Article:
A taste of Myanmar

A taste of Myanmar

Shwedagon Pagoda in Yangon: Irrawaddi restaurant conjures the tastes of Myanmar for its Phnom Penh customers. Photo by: RICHARD SHAW

Irrawaddi restaurant serves up cheap and tasty eats for Myanmar expats and culinary adventurers alike

SOMEHOW no matter how enormously inflated the salaries of journalists become, one always finds that funds run short by the end of the month.

Necessity hails a period of culinary discovery and suddenly the extent of Phnom Penh’s split economy manifests itself: the scores of cheap Khmer, Vietnamese and Chinese restaurants, or street stalls parked in front of expensive sandwich bars that sell glorified ham and cheese toasties for five or six bucks.

Once the search for the best $1.00 bowls of pho, dumplings or pork and rice with soup is exhausted, it’s time to set your sights on new options.

I decided to head down to Phnom Penh’s Irrawaddi restaurant, which boasts a $2.00 set menu with soup, a main and rice, which I baulked at and instead blew all of $3.50 on a whole variety of dishes shared with friends.

The experience of eating at the Irrawaddi is a little bit like going to eat at the Hari Krishna place just near your university campus, except there’s no option to wash dishes if you have absolutely no money, its not vegetarian and there are no bald people preaching enlightenment or chanting.

The food is wholesome with simple flavours and everyone is pretty relaxed. Curries and stews filled with mutton, beef and pork for around $3.00 or $4.00 each come in somewhat small portions so be sure not to under-order. Most are fairly mild but the pork mango curry is deliciously sour for people so inclined.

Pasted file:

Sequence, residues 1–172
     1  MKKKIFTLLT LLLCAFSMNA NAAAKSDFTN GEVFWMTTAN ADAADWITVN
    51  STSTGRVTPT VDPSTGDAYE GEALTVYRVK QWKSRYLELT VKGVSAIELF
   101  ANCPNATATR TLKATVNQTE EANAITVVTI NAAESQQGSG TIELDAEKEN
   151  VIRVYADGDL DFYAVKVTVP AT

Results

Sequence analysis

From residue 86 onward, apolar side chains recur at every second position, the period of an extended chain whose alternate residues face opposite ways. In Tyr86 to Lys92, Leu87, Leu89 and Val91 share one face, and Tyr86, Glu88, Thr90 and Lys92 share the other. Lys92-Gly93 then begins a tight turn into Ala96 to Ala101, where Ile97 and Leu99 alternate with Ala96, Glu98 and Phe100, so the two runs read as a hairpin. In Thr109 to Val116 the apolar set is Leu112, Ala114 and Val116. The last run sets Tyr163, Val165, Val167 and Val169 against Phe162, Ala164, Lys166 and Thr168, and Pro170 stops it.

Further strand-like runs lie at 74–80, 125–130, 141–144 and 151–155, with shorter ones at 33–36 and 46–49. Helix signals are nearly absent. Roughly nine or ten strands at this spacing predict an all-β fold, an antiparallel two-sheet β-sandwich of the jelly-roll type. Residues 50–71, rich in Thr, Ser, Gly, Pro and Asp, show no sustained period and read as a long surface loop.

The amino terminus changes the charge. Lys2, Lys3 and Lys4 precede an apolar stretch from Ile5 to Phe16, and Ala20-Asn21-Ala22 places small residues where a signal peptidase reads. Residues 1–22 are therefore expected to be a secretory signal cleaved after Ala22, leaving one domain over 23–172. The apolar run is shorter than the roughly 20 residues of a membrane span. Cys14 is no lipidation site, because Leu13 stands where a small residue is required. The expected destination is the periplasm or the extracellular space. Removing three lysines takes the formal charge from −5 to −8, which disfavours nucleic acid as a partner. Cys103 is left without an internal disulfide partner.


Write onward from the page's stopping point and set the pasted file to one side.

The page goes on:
Biryani and other dishes you’ll recognise as Indian derivatives are abundant and there is plenty of vegetarian food. Roti and other tit bits such as ya kyaw (split peas with onions and spices pounded into a tasty snack) are a nice compliment to your meal. The list of fish and seafood dishes is extensive.

Everyone gets served a sour radish soup which I enjoyed but some of my companions found a touch rustic.

The staff is incredibly relaxed and friendly, perhaps a bit too much so if you come in a large group but perfect for smaller entourages.

They contribute to one of the nicest things about the Irrawaddi: a quiet, relaxing atmosphere in a building adorned by signs of Myanmar culture such as the paintings of water buffaloes, tranquil village scenes, mountains and one notable Myanmar citizen that adorn the walls.

The Irrawaddi appears to extend beyond the bounds of a mere restaurant, acting as a small social hub for Phnom Penh’s Myanmar community.

A bizarre array of necklaces, medicines and packaged cooking ingredients such as peas and spices from Myanmar are on sale as well as the restaurant food.

There is even a unique type of Myanmar face cream called Thanakha, which adorns the faces of many of the staff, for sale – made from a branch that is ground into a fine paste.

At night, Irrawaddi often becomes a relaxed gathering point for people from Myanmar or those who lived there to quietly discuss the country’s wonders and woes. But it is also equipped for karaoke if a few too many $1.00 Myanmar beers are consumed.


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